In researching all the ways in which formal systems fall short and fail survivors, I am reminded of a particularly impactful class period in which we learned about an organization in Israel whose goal is to avoid the re-traumatization of sexual assault survivors by creating a trauma-informed space for healing. I am reminded that we do not know which practices lead to re-traumatization, but we know which practices lead to healing. This reminder, and the reminder that the work I am doing is to help improve the experiences of survivors after an assault, helps to mitigate some of the inevitable negativity that comes from doing this research. 

Coffee from Caffe Nero before my internship!

At Brandeis, I’ve also learned how to do effective research. The skills I’ve acquired from doing research projects for classes—such as searching the database, reviewing literature for relevant content, and compiling references—have allowed me to be able to work on this project. Despite the heavy topic, I’ve greatly enjoyed working with CVPR in this endeavor. I’ve come to better understand some of the psychology and neurobiology that underscore our experiences—something that I haven’t (yet) had the chance to study at Brandeis. I’m excited to return to campus and to take courses which will enhance my knowledge and understanding of these topics.

(1) The Center for Violence Prevention and Recovery

As a sociology major at Brandeis, I’ve learned over and over how our systems and institutions fail many of the people they are supposed to help, but are actively designed to uphold patriarchal and white-supremacist norms. It’s clear to me, then, how much of a need exists for community resources that are trauma-informed and able to provide mental health services. This summer, I have the opportunity to work with the Center for Violence Prevention and Recovery (CVPR) with the Social Work Department at Beth Israel Deaconess Medical Center. CVPR is the department at Beth Israel that works to reduce community, interpersonal, and domestic violence in and around Boston, Massachusetts. Social workers from CVPR respond to and support victims of sexual assault and other types of violence. The Center also runs support and healing groups for survivors. In general, CVPR provides many of those resources that are lacking when a person seeks institutional support from law enforcement or even hospital services. Indeed, survivors of domestic violence and sexual assault often face secondary trauma in the hospital or from engaging with law enforcement or the court system.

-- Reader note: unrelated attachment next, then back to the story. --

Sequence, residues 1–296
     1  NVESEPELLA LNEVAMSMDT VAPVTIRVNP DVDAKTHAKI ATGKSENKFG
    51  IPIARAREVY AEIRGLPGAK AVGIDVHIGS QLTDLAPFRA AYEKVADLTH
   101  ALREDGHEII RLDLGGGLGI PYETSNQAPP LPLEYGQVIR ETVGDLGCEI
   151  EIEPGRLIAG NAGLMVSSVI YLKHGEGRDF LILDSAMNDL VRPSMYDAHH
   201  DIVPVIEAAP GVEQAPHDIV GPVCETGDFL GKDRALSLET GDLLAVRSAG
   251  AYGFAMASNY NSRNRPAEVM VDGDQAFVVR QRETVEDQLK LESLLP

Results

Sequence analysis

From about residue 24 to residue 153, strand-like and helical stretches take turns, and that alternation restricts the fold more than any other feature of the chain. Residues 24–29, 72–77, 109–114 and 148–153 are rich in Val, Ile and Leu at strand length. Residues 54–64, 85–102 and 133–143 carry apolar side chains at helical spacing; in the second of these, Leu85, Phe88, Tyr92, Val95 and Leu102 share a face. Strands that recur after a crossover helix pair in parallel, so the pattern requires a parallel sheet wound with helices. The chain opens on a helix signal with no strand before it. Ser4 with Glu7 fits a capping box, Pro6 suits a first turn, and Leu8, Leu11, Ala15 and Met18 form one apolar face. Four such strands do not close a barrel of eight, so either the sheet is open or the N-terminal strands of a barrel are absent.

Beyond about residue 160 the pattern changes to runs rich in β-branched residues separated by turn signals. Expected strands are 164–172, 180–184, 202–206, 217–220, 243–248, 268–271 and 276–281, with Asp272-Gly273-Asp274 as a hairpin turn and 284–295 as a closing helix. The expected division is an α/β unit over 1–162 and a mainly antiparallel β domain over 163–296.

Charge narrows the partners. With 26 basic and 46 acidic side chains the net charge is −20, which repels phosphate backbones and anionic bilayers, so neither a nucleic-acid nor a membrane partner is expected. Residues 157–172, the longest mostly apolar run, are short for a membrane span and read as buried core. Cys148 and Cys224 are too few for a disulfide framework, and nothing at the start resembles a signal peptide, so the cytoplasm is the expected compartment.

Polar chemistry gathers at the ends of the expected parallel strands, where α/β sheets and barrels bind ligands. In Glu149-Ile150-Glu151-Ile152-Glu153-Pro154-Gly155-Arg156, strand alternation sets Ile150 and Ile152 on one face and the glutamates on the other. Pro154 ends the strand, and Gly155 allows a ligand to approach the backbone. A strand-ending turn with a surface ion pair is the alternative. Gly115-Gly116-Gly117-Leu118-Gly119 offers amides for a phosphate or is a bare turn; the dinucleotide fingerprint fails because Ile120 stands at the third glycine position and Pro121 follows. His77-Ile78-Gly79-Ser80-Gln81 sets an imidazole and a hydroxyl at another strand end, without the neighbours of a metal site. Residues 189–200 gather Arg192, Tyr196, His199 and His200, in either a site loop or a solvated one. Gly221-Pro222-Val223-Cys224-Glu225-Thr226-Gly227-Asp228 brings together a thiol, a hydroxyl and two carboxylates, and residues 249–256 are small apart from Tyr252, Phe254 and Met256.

It is clear that institutional services that provide support in times of crisis are essential to our society and our communities; however, in reality, many of these institutions do more harm than good. I wanted to intern specifically with the CVPR because I see it as an example of what institutional services should include: trauma informed care, mental health services that are both responsive and ongoing, and an active effort towards combating the embedded racism, misogyny, and homophobia that are pervasive in our society. 

In the past few weeks, I have gotten the opportunity not only to learn about what the CVPR does but to engage actively with staff and department activities. I have spent time updating the CVPR webpage, making it more accessible and relevant to visitors to the site, designing a flyer for a healing-through-gardening workshop, working with CVPR staff to update the Center’s new employee manual, and assisting with grants. I have also spent time compiling and writing up the latest research on trauma and mental health.

In addition to working with CVPR, I have learned about the broader social work department at Beth Israel Deaconess and to meet social workers who work everywhere from the Emergency Department to the NICU. I have begun to learn the workings and the rhythms of the CVPR.

Although my work is a small part of what is done at the CVPR, I feel that I have been able to contribute to this space that truly cares for the needs of its patients and the community. Spending time with the staff at CVPR, I am reminded that change happens slowly, but it happens when people who have a genuine care for their community do this type of work that is so greatly needed and so greatly lacking in most places around the U.S. I am excited to see what the rest of the summer will bring, and how much more I will learn about the world of social work.